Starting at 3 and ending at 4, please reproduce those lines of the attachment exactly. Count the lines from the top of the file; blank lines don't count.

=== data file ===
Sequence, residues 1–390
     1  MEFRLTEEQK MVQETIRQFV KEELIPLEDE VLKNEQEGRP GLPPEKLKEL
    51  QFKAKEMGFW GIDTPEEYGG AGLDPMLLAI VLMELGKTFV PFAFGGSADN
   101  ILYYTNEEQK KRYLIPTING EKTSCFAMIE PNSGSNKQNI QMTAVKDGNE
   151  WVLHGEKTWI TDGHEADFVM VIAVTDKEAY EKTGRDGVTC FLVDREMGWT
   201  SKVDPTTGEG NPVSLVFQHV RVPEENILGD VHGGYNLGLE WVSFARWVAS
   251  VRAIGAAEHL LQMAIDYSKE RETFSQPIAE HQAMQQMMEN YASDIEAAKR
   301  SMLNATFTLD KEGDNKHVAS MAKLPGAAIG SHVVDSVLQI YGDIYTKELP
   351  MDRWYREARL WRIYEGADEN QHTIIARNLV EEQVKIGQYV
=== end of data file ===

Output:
    51  QFKAKEMGFW GIDTPEEYGG AGLDPMLLAI VLMELGKTFV PFAFGGSADN
   101  ILYYTNEEQK KRYLIPTING EKTSCFAMIE PNSGSNKQNI QMTAVKDGNE